Does your family have any funny sayings or make cryptic remarks to gently chide or tease one another? We do. Several come from funny things children have said, while others are the products of fully grown people. Some are being picked up by
a third generation and friends.
Could be Minnie did it was coined from a cousin’s response to my mother's questions about who had painted her lamp with red nail polish. The little guy to the left had been in the bedroom with the door closed just before she discovered the artwork. Minnie was our dog. (I'm quite certain she was nowhere near that lamp, Rod.)
After that at our house, when you’d rather not own up to something you’d done, you said, Could be Minnie did it.
I, however, was typing my term paper is an expression Terry and I took from an experience with a renter who was in med school. When her toddler spilled grape juice that stained the light-colored living room rug, she wrote us a long, detailed letter explaining that he had somehow “gotten past his nanny.” While she was very apologetic, she disavowed any responsibility for the mishap with the words, "I, however, was typing my term paper."
Since then, when someone tries to wiggle out of accepting responsibility, we look at each other and say, I, however, was typing my term paper! (Unfortunately, it's happened often enough that now Terry just says, I, however ... with a big grin on his face.)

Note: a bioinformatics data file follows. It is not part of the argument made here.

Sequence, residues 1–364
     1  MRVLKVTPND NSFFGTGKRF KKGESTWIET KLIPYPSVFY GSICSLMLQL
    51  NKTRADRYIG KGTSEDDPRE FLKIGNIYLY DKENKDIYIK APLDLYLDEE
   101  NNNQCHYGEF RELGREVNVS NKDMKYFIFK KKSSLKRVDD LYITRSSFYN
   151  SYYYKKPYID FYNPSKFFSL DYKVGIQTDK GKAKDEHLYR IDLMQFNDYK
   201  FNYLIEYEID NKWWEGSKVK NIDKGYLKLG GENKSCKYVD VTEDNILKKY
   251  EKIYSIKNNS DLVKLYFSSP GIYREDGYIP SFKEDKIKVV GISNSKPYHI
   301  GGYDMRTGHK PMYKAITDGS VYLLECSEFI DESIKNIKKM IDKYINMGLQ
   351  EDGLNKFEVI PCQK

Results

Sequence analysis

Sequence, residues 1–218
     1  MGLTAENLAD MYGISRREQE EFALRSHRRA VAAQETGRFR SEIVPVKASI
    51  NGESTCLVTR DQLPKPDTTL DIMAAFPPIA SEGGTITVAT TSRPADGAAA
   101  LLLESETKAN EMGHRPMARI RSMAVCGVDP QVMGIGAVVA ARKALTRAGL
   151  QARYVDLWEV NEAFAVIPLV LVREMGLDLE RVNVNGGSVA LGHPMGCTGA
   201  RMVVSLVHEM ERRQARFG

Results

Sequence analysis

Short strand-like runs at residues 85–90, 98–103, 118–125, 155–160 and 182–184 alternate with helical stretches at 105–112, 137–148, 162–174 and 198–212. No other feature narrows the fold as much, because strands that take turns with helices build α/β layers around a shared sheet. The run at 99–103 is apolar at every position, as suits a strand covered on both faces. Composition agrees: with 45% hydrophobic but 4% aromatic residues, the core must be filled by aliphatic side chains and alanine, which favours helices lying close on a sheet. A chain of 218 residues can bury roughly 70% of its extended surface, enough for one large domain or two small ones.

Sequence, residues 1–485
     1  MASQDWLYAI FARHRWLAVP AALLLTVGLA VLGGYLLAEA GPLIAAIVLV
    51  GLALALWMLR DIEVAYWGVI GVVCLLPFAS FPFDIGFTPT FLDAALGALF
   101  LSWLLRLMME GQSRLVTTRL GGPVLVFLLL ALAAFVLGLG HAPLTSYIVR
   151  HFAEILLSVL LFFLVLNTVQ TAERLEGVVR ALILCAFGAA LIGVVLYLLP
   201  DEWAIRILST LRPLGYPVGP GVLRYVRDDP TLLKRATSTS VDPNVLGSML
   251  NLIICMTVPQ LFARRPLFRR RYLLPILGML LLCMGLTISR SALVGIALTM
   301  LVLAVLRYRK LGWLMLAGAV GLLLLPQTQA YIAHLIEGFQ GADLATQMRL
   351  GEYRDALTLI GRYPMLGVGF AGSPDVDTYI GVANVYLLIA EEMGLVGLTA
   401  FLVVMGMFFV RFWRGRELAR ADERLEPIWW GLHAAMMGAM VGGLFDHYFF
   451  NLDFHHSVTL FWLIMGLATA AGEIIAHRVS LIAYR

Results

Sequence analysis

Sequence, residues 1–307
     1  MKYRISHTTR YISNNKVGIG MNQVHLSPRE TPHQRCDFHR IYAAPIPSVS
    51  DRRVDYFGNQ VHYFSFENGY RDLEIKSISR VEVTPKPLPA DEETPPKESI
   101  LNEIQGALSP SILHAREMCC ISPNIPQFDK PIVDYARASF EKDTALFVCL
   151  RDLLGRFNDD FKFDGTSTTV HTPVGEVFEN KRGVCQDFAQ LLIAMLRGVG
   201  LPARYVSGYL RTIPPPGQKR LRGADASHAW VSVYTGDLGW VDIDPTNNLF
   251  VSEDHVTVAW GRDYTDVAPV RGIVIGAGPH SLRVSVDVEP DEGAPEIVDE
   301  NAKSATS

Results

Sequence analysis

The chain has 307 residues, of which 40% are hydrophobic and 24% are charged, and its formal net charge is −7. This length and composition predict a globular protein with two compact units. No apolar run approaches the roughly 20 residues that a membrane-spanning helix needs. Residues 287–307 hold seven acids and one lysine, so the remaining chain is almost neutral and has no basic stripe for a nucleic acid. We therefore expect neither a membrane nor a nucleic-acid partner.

we got ourselves a goat originated with my father’s family. When he and his brother were young,
their dad bought the family a goat. My grandmother said that for days, the boys admired their new pet and repeatedly told each other, "Well, we got ourselves a goat." In that household of limited means, it became the standard expression of joy over a new acquisition.
Now when we buy a new car or luxury item, you
might hear us say, Well, we got
ourselves a goat! (That's how my friend, Suanne, announces that she's made a big purchase.)
he’s a good dog. Our oldest son, Gary, likes dogs and
has seldom been without at least one. A number of years ago when he was going
out of town, he asked us to keep his Blue Heeler, Taz, for the weekend. We had
a fence but were a little nervous about how Taz would handle his new
environment. When I expressed my concerns, Gary explained that he wouldn’t be
any trouble because “He’s a good dog.”
By the time Gary returned, Taz had dug up a flower bed to make a cool place to
lie down, terrorized our cats and chewed off the corner of an expensive patio chair. Of course,
he was a granddog so we rolled with it.
Now if we think someone is trying to gloss over any
negative realities, you might hear us say, But
he’s a good dog. -- And occasionally, we gig Gary by reminding him of his good dog. (We took that fence down. It interfered with the view.)
What about you? Do you have any pithy family
sayings? I’d love to hear them
The right word at the right time
is like a custom-made piece of jewelry,
and a wise friend’s timely
reprimand is like a gold ring slipped on your finger.
Labels: Family, Memoir